As we end 2020, I would like to recognize our faculty, staff, trainees, and students, for the perseverance, diligence, and creativity you have shown this year. This has been an extraordinarily challenging year and it has forced us to make major changes in how we work. For our country, the loss of life and the impairment of health due to COVID-19 has been tragic, and the impact on livelihoods has been profound. The limits on in-person meetings has made much of our work more difficult. Yet, the loss of interpersonal interactions does not diminish our responsibility to care for one another and to show leadership. We have dedicated our lives to work that aims to alleviate suffering for others. Keep that in mind when our work calls on us to resolve differences.
Last week, the initial deliveries of the Moderna vaccine arrived at our hospital partners and remarkable progress continued in getting those initial shots into the arms of our frontline workers. We are grateful to our partners for their collaboration as they balance the work required to make sure the vaccinations are delivered in accordance with the state’s guidance. As we begin a new year, the vaccines offer a ray of hope, but it will take many months for the full benefits of widespread vaccinations to reach us. We must remain determined in our efforts to limit the spread of the disease and to mitigate its impact. You have demonstrated compassion and courage through this year and I am confident that you will continue to be leaders in this regard in 2021. Thank you for all your efforts.
Devika Bhatia, MD, a fellow in the Department of Psychiatry is the first author of an article about misuse of opioid medications by adolescents that is listed among the Best of 2020 by the journal Pediatrics. Her co-authors are Susan Mikulich-Gilbertson, PhD, professor of psychiatry, and Joseph Sakai, MD, associate professor of psychiatry. The article reports that adolescents who misused opioids had engaged previously in other risky behaviors. With such knowledge, health care providers may be able to identify youth at high risk for misuse and initiate early interventions.
Matthew K. Wynia, MD, MPH, director of the Center for Bioethics and Humanities and professor of medicine, is the author of an invited commentary, “Crisis Triage – Attention to Values in Addition to Efficiency,” in the December 14 issue of JAMA Network Open. Matt considers triage protocols for use in catastrophic disasters. He discusses the common standard of allocating resources to save the most lives, and he notes the challenges of considering other important values, such as equity, in establishing triage protocols. He concludes: “Deliberative community engagement will therefore be required to determine how to weigh these principles in triage protocols. For states and systems that have not done so already, it is past time to get that conversation started.”
Kevin Messacar, MD, associate professor of pediatrics, is one of the authors of the article, “Acute flaccid myelitis: cause, diagnosis, and management,” published last week in The Lancet. The article is a comprehensive review of acute flaccid myelitis (AFM), a disabling, polio-like illness that mainly affects children. Kevin has been one of the leaders in diagnosing and treating cases, a cluster of which was recognized in Colorado in 2014. Infection by enterovirus D68 is believed to be the cause, but how it leads to AFM is not fully understood. The infection leads to profound muscle weakness, which can lead to respiratory failure and other severe health problems. This article collects current information about AFM, but also notes that there are critical gaps to our understanding and calls for more research.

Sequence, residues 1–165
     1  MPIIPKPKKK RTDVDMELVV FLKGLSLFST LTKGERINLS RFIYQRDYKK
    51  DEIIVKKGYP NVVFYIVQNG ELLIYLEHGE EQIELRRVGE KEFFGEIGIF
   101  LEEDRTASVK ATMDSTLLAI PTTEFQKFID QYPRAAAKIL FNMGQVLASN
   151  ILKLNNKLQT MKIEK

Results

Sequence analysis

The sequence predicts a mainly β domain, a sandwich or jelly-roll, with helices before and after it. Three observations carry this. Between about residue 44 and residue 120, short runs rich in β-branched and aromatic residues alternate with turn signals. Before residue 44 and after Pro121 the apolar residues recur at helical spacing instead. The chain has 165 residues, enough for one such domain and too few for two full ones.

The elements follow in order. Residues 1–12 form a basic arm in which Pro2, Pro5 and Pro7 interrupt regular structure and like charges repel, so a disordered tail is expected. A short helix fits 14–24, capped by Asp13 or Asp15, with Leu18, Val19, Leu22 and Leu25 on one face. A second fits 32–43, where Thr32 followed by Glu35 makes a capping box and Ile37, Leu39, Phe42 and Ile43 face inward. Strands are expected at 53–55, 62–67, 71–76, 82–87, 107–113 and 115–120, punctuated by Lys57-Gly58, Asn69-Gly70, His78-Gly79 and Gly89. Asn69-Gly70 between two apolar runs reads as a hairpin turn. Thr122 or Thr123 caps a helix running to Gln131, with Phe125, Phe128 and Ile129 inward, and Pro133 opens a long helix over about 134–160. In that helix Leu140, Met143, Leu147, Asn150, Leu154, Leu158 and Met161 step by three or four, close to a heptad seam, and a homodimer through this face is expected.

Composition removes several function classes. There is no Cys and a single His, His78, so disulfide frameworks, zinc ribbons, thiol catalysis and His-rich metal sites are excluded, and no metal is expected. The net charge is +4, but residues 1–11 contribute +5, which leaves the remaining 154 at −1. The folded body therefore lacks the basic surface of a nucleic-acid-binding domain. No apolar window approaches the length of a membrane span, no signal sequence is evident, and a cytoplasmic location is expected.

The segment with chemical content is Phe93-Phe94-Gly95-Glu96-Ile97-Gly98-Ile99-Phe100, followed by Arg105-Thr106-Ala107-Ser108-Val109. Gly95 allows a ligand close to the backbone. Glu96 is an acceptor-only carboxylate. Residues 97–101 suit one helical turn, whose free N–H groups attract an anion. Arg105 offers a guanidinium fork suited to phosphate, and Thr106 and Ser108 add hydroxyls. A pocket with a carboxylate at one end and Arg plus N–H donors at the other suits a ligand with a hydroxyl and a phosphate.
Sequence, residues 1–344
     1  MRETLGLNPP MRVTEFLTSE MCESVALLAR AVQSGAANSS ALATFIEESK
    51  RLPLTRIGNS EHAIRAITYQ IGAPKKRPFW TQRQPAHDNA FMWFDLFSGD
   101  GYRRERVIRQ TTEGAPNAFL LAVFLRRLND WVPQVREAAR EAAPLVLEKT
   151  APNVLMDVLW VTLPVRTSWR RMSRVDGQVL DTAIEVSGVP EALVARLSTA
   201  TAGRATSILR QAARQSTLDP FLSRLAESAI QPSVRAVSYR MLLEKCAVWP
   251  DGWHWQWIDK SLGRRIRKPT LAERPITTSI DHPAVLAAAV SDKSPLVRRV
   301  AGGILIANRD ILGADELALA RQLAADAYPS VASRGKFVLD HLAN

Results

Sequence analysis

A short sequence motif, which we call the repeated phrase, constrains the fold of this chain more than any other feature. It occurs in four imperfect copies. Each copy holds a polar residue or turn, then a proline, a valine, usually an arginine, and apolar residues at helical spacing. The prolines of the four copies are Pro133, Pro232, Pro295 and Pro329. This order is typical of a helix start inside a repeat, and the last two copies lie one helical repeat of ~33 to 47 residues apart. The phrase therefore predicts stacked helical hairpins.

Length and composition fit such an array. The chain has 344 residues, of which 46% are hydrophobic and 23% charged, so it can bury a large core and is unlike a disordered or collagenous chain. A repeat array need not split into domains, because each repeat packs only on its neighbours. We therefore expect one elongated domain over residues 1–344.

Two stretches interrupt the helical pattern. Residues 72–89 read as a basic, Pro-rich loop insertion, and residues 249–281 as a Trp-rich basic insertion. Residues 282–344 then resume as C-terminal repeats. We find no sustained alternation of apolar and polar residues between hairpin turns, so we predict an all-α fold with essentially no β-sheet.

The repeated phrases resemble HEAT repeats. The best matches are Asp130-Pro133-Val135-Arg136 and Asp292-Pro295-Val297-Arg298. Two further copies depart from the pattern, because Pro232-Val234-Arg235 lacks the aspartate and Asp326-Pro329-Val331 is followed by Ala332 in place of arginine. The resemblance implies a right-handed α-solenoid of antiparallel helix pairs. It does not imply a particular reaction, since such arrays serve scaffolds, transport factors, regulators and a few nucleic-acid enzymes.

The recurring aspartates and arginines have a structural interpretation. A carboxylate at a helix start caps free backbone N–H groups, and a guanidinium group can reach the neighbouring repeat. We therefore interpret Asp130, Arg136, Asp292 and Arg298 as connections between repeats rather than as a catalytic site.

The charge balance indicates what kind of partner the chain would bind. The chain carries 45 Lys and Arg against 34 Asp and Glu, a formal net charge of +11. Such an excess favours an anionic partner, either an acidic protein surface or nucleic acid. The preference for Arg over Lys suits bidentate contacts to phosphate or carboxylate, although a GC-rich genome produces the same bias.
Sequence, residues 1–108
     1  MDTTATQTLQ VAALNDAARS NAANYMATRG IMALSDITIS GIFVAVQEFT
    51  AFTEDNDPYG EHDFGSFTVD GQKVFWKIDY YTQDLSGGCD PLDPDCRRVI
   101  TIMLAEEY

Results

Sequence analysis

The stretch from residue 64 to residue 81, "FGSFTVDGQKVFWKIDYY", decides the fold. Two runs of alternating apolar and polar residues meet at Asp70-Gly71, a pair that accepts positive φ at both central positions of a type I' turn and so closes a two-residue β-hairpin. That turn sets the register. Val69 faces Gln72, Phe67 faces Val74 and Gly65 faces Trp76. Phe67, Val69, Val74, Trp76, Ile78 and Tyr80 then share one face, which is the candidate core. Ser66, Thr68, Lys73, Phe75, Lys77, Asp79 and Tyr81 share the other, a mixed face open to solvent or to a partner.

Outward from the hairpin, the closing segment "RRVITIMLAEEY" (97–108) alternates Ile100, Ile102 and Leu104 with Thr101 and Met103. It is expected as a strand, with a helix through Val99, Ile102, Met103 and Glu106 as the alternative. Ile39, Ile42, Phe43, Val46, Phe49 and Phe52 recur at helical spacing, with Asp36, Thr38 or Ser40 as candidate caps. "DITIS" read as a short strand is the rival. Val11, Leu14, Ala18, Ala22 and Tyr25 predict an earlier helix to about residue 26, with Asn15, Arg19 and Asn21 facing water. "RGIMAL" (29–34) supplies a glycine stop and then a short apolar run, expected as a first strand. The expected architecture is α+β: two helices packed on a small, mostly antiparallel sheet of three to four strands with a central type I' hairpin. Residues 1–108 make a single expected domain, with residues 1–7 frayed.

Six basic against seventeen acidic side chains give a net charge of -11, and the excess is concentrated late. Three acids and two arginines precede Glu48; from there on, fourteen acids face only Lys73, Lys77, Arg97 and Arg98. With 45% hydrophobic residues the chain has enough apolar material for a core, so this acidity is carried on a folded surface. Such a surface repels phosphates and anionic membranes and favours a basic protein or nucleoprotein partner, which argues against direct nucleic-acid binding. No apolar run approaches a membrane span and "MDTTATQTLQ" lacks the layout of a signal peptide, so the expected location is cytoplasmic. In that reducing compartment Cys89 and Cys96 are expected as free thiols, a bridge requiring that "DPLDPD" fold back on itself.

The School of Medicine’s annual Facts and Figures book has been published online this year. The book is an extended tour of the School’s missions of education and training, research, care, and features summaries of most of our programs and operational units. Thanks to Sarah Miller, executive assistant in the Dean’s Office, who coordinates this important and extensive project. It requires corralling many data sources, managing a massive flow of information, finding appropriate photos to include, and gathering it into a comprehensive format.
At the end of this year, Luana Tadolini, human resources director for the School of Medicine, will retire. She has been an outstanding, unflappable member of the Dean’s Office team and we wish her a happy and extended retirement. Thanks to Luana for her exemplary work on behalf of our colleagues, especially during this tumultuous year. Olawunmi “Wunmi” Ogunwo, who has been director for the Dean’s Office of the School of Medicine, will succeed Luana and we are fortunate to have Wunmi bring expertise and leadership to this role.
The Center for Women’s Health Research will host a virtual Women’s Health Research Day on Monday, January 11. Each year, this event brings together researchers to hear from a nationally known speaker who address women’s health and sex differences research. This year, Patricia Gabow, MD, former CEO of Denver Health and professor emerita of CU School of Medicine, is the keynote speaker, presenting “Women in American Healthcare – Problems and Promise.” Register online.
Have a good week,
John J. Reilly, Jr., MD
Richard D. Krugman Endowed Chair
Vice Chancellor for Health Affairs and
Dean, School of Medicine
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